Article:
Until recently, the only formal body of regional integration in East Asia was the Association of Southeast Asian Nations (ASEAN) which had been established in 1967, primarily for political reasons and with modest economic ambitions. As a result, East Asia has long been said to be the champion of loose regional economic integration, with deepening intra-regional trade and investment linkages in the absence of any formal co-operative scheme.
However, the East Asian region has been undergoing deep changes since the early 1990s. First of all the ASEAN Free Trade Area (AFTA) was launched in 1992, with the aim of realizing a free trade area within 15 years. Secondly, the financial crisis of 1997-98 rekindled interest in tighter economic co-operation in East Asia, with the emergence of the "ASEAN+3" framework (which includes the ten ASEAN countries as well as China, Japan and South Korea) as a case in point. Finally, the shift away from traditional support to multilateral trading régime and the recent proliferation of regional trade agreements involving East Asian economies further substantiate the claim of a paradigm shift from market-led to institution-based regional economic integration in East Asia.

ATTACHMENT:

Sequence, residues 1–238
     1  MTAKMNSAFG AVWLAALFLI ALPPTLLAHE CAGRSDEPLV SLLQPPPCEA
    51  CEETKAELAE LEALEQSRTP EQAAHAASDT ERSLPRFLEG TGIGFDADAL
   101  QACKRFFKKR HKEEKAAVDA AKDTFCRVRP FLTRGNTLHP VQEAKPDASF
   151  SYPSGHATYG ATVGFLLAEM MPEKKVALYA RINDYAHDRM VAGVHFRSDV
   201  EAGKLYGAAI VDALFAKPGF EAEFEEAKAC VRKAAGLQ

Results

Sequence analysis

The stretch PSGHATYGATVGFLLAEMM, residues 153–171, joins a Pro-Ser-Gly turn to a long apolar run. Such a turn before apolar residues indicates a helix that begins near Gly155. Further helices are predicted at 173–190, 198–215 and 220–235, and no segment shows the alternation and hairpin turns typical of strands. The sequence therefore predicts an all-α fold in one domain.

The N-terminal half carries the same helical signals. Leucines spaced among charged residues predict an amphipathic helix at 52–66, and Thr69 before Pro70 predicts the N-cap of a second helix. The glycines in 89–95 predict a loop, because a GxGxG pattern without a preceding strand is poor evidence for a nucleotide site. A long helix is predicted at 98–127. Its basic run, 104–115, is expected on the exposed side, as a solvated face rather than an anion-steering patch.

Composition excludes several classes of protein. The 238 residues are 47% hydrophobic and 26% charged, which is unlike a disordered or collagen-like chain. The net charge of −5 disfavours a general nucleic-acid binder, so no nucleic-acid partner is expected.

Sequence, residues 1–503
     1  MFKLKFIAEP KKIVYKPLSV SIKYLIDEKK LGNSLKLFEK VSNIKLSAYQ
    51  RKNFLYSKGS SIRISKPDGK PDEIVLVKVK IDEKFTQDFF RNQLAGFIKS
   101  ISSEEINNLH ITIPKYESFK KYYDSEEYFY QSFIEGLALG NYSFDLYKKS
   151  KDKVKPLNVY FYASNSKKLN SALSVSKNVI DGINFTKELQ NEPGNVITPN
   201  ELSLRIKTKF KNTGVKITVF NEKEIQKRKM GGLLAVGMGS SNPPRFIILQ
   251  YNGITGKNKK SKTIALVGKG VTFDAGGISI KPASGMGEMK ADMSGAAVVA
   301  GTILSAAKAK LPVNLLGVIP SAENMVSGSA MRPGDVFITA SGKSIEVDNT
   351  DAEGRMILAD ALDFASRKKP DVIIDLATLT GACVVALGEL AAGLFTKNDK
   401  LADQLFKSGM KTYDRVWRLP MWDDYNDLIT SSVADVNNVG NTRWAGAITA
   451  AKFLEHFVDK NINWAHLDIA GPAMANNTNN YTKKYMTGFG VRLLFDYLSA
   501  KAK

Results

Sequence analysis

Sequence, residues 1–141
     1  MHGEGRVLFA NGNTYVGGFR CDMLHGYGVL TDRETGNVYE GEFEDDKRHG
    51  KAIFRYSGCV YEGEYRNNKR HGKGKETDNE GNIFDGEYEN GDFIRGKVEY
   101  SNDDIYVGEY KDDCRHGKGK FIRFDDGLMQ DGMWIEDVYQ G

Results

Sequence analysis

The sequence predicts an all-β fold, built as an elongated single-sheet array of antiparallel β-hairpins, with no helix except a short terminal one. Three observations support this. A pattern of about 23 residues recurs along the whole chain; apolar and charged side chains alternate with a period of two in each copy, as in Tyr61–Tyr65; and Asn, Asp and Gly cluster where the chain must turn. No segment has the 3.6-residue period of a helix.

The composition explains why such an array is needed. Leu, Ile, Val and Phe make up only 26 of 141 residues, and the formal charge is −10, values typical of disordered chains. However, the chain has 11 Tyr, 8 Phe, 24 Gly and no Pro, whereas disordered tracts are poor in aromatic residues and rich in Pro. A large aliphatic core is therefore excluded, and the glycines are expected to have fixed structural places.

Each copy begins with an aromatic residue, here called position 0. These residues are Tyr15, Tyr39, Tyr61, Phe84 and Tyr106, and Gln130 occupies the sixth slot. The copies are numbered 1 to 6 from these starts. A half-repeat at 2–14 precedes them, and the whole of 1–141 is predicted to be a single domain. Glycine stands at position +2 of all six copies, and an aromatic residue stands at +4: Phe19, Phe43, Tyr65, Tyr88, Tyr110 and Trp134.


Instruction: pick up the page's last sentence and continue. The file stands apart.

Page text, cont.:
These various developments raise a number of questions. Are they indicative of a real shift in paradigm and will these initial steps be turned into a well-structured scheme of regional co-operation ? Can the ASEAN play a key role in the process or will it be dwarfed by its more powerful neighbors ? The article starts by examining the current state of play of economic cooperation, in the financial and monetary areas as well as in the trade sphere, and highlights the limitations of the formal regional integration movement in East Asia to date. It closes by taking a prospective stance and by assessing the chances of deeper economic integration in the region.